French artist Jean Giraud, aka Moebius, inspired his peers and mass media. In video games especially, his psychedelic fantasy/surrealist art may live on forever.
From satire and portraiture to politicized pop, ¡Printing the Revolution! examines how artists created visually captivating graphics that catalyzed audiences. Enjoy this visually gorgeous excerpt courtesy of The Smithsonian American Art Museum and Princeton University Press.
With Similar Canvas, Brooklyn-based experimental quartet JOBS works closely with visual artist Sam King to create a striking single that feeds off another art form.
By turns alarming and awe-inspiring, Jessica Helfand's Face: A Visual Odyssey offers an elaborately illustrated A to Z—from the didactic anthropometry of the late 19th century to the selfie-obsessed zeitgeist of the 21st. Enjoy this excerpt of Face, courtesy of MIT Press.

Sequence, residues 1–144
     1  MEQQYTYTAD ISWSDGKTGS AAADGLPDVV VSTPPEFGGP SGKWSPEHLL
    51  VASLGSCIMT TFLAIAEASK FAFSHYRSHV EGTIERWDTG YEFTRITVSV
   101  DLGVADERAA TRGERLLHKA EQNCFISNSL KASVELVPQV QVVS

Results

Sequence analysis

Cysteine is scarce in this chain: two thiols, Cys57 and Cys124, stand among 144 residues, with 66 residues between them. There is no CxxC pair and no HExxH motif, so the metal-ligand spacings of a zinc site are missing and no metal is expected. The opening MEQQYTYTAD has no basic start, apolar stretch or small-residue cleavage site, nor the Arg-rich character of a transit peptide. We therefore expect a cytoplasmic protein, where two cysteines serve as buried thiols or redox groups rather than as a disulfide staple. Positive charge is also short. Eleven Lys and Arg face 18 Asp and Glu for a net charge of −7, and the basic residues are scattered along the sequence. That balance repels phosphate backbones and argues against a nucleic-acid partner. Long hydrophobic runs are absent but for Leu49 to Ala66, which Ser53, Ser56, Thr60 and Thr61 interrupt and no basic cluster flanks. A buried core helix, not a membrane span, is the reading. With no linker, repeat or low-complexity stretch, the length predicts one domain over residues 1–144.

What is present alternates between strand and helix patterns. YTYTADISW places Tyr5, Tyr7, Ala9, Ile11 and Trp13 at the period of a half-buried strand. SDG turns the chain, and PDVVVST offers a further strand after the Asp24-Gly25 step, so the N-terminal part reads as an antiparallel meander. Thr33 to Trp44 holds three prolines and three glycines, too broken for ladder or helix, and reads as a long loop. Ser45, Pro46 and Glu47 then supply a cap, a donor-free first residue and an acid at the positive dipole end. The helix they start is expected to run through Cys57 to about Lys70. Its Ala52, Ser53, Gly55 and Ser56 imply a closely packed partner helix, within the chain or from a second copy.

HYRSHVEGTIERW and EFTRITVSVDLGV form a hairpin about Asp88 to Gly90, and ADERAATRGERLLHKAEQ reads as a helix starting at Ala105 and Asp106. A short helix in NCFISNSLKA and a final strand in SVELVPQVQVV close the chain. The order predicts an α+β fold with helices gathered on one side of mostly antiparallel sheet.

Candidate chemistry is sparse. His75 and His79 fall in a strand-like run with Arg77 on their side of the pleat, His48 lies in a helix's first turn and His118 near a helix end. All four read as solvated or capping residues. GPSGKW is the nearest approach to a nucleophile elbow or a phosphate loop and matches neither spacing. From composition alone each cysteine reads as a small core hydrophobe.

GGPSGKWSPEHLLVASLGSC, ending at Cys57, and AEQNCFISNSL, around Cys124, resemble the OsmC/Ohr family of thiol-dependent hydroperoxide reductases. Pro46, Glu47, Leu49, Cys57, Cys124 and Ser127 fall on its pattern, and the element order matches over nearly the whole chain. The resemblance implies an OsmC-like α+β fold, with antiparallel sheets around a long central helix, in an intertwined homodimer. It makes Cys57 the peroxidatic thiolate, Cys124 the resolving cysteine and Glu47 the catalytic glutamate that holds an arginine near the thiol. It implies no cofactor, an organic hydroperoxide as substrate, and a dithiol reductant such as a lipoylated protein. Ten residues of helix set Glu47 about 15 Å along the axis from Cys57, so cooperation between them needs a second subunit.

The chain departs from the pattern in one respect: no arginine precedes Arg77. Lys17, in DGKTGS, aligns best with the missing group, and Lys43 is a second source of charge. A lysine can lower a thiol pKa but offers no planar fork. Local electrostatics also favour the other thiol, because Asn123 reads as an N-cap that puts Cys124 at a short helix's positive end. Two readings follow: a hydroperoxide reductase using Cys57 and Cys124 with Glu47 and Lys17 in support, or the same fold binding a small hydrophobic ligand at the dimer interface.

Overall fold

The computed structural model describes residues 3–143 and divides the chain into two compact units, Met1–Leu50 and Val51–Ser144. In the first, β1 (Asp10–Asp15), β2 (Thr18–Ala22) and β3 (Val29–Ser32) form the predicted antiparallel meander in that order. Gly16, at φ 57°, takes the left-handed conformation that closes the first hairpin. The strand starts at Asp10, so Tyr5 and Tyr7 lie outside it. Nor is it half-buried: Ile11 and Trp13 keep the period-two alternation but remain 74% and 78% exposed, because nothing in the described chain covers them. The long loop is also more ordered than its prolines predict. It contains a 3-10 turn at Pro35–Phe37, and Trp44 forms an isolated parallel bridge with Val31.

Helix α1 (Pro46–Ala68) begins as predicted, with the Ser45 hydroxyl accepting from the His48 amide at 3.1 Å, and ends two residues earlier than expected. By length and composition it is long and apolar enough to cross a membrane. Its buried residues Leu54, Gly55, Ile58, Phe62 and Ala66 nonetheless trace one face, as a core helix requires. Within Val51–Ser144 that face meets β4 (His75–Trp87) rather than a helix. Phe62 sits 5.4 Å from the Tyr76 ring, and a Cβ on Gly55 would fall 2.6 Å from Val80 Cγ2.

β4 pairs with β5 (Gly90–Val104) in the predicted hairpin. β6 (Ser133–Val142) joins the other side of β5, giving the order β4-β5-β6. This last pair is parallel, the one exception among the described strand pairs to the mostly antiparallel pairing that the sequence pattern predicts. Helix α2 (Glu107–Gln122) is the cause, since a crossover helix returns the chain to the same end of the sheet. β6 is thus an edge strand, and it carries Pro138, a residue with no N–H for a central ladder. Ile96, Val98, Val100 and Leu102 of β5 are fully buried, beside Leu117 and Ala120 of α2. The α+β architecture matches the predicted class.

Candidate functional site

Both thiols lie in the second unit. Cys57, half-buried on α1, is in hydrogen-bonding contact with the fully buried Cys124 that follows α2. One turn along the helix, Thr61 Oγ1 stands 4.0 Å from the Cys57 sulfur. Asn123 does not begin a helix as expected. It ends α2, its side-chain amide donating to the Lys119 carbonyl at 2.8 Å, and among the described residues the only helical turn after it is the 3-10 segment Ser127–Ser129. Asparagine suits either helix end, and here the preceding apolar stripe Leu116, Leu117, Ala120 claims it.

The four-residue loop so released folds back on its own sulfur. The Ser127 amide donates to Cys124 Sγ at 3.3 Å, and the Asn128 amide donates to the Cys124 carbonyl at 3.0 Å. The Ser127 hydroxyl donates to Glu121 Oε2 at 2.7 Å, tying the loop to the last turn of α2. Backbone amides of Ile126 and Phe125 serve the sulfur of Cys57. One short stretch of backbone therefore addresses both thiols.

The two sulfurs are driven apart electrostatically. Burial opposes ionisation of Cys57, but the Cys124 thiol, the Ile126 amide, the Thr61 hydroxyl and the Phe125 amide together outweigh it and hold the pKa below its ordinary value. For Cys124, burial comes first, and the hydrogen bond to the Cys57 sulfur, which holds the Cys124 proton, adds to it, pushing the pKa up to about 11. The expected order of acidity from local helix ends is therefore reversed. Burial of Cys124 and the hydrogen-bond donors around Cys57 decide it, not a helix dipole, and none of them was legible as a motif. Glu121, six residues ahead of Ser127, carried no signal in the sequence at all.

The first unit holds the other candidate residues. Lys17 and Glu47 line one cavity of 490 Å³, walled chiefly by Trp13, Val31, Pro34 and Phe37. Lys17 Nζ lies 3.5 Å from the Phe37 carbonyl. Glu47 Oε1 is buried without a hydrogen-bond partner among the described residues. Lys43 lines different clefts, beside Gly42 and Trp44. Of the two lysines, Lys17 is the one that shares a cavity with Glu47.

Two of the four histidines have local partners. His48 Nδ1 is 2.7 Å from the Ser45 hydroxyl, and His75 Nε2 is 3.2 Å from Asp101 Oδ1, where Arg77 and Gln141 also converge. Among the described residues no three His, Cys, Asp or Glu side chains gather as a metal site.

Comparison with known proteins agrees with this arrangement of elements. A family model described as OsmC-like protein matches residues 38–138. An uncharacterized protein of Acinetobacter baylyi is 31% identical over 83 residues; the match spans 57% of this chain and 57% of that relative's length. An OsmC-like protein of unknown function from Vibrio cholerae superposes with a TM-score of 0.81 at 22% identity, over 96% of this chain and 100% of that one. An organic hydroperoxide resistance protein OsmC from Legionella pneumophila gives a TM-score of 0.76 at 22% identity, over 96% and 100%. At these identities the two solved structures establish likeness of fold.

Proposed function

Mitchell B. Merback exploits the cryptic nature of Albrecht Dürer's Melencolia I in order to encourage deeper speculation into one's self and the manner in which one engages with the world through the oft-misunderstood condition of melancholy.
In this beautiful excerpt from Lorna Simpson Collages, Chronicle books shares with PopMatters readers' selections from the renowned artist's collection and a poignant introduction by award-winning poet, Elizabeth Alexander.
As Splendor and Misery in the Weimar Republic conveys, Expressionism seems to proclaim, we feel alike; whereas New Objectivity doesn't attempt to express alienation -- it induces it.
Hugh Fleetwood’s chilling and dark mysteries deal with psychologically-damaged characters whose actions are usually the result of some personality disorder often undisclosed to everyone but the reader.